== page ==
By BILL WAGNERCAPITAL GAZETTE |APR 24, 2021 AT 6:13 PM
Annapolis Mayor Gavin Buckley stood on the sideline at Navy-Marine Corps Memorial Stadium holding a fancy key to the City of Annapolis that had been mounted on a hand-carved oak board.
Buckley was all set to present that special keepsake to renowned New England Patriots head coach Bill Belichick at halftime of the Army-Navy men’s lacrosse game.ADVERTISING
All the dignitaries participating in the ceremony were assembled, notably Navy athletic director Chet Gladchuk and Vice Admiral Sean Buck, the academy superintendent.
One could understand the slight look of concern in Buckley’s eyes when someone asked aloud: “Where is Bill Belichick?”
Buckley, who had failed in two previous attempts to present Belichick with the key to the city, started looking around nervously. The mayor knew Belichick was somewhere on the field because they had come down there together from the press box. However, it appeared Buckley had briefly lost the guest of honor.
Finally, someone spotted Belichick, who was almost unnoticeable standing alongside the grandstand with a headset on. It turns out he was being interviewed live during the game by CBS Sports Network.
When Belichick finally took off the headset and walked over to greet Buck and Gladchuk, there was a general sense of relief. An event that had been three years in the making was finally going to happen.
Moments later, Buckley performed the formal presentation and afterward spoke about how grateful he was to at long last get it done.
“It feels so amazing to recognize a legendary figure in Coach Bill Belichick, who is one of the most humble people I’ve ever met,” Buckley said. “It’s the classic example of local boy made good. Coach Belichick got his start here in Annapolis then went on to do so many incredible things.
“At every step along the way, he never forgot his hometown. He sells the City of Annapolis all over the world, and I’m just thrilled that today we were able to recognize that,” Buckley added.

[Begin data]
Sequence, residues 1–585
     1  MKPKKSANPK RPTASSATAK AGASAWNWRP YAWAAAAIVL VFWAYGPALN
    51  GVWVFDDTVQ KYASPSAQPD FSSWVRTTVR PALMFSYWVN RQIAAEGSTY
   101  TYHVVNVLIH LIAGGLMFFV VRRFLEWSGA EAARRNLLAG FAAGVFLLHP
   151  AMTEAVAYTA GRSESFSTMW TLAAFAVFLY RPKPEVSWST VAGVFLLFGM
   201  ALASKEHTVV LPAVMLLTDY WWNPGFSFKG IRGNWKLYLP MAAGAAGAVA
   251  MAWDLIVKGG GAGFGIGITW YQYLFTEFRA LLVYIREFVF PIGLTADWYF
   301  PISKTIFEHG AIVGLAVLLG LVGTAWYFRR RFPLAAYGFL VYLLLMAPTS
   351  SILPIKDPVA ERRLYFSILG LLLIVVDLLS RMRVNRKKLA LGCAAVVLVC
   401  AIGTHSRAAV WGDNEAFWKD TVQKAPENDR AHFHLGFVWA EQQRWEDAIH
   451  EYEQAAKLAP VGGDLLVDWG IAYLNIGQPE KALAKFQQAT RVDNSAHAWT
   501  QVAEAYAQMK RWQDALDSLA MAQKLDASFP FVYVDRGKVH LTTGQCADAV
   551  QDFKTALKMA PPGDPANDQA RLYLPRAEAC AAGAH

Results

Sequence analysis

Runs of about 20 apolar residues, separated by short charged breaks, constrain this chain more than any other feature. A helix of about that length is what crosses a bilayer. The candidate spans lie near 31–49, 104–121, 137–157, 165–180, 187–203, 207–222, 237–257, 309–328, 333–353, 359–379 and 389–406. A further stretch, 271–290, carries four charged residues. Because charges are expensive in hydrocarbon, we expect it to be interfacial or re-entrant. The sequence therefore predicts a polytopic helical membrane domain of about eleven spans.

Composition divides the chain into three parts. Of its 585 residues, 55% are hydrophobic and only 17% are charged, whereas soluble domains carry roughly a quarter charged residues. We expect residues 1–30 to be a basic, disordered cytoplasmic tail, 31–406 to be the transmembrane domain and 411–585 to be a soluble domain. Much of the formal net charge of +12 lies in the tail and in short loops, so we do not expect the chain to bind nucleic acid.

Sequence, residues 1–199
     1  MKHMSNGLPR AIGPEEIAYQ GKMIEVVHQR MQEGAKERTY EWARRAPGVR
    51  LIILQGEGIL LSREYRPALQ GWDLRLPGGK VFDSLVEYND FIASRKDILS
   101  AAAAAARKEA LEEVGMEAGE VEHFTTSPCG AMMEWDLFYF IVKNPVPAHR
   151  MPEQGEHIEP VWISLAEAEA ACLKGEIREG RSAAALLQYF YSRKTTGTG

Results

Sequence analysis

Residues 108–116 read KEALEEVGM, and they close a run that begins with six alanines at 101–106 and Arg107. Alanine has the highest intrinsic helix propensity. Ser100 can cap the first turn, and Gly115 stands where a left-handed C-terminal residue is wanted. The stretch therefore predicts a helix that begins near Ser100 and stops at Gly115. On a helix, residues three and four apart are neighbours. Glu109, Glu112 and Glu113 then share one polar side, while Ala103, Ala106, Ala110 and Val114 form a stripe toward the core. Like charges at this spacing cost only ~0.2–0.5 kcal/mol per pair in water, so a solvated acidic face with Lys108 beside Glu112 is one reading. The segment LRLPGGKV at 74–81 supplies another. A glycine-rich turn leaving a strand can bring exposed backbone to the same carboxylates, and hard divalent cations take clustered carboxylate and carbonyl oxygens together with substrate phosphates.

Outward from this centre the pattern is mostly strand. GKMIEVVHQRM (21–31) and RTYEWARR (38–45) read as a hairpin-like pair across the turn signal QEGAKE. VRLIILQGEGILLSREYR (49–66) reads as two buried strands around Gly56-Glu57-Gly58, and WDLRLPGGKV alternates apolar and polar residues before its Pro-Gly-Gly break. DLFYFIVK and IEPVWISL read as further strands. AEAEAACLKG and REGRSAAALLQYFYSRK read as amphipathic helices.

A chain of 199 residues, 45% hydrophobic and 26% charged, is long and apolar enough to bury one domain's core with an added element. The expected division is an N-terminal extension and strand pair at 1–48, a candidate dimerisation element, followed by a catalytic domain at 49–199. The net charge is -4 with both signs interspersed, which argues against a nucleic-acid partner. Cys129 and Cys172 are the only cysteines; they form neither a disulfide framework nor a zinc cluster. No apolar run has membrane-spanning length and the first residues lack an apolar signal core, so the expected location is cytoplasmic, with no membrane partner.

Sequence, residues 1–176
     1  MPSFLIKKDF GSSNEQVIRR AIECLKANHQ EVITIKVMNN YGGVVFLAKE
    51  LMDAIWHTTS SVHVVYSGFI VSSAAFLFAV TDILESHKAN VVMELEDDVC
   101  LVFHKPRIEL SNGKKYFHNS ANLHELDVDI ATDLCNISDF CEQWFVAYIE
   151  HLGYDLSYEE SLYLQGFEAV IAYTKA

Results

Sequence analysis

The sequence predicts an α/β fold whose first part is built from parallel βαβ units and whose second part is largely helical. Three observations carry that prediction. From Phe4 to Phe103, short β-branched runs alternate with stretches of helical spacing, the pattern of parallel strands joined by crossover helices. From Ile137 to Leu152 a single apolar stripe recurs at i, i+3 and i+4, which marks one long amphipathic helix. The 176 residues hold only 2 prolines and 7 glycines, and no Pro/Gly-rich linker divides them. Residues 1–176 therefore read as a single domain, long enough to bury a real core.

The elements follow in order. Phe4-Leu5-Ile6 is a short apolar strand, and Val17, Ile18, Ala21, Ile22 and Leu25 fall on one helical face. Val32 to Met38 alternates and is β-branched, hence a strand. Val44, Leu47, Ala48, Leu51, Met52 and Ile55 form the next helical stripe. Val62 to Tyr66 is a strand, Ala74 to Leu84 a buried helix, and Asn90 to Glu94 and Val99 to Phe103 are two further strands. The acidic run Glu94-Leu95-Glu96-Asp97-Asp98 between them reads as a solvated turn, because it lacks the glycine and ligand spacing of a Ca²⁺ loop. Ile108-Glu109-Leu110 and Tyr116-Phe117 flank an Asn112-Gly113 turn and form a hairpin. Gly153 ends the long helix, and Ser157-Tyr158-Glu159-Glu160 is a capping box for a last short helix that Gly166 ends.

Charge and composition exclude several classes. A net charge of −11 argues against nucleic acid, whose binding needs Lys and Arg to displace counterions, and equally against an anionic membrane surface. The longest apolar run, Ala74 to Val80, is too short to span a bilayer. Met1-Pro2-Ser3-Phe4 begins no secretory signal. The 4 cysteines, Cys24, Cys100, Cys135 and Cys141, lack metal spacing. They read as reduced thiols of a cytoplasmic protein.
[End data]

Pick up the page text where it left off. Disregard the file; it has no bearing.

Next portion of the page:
Belichick, nattily attired in a Navy blue suit for the occasion, was accompanied by his longtime partner Linda Holliday. The 69-year-old was surprised and thrilled to be joined on the field by a group of boyhood friends.
Among them were Annapolis High classmates and teammates Bill Greenfield, Paul McFadden, Marc Gilbert and Jerry Blackwell. Also on hand was Eddie Mullen, a St. Mary’s graduate who played lacrosse against Belichick during high school. Steve Samaras, owner of Zachary’s Jewelers and another old friend of the Patriots coach, completed the contingent.
Belichick gave each man a big bear hug when they came onto the field for the ceremony. He reserved the biggest embrace for Ron Wolfe, who was the Annapolis High lacrosse coach when Belichick was a starting defenseman for the team.
“Bill was a very smart player. He didn’t have the greatest foot speed, but he understood the game and could anticipate situations,” said Wolfe, who played Belichick on the crease.
Belichick sported a broad smile throughout the ceremony, which included a two-minute video tribute featuring interviews with Greenfield, Mullen, Navy football coach Ken Niumatalolo and former Navy player and current Patriots long snapper Joe Cardona.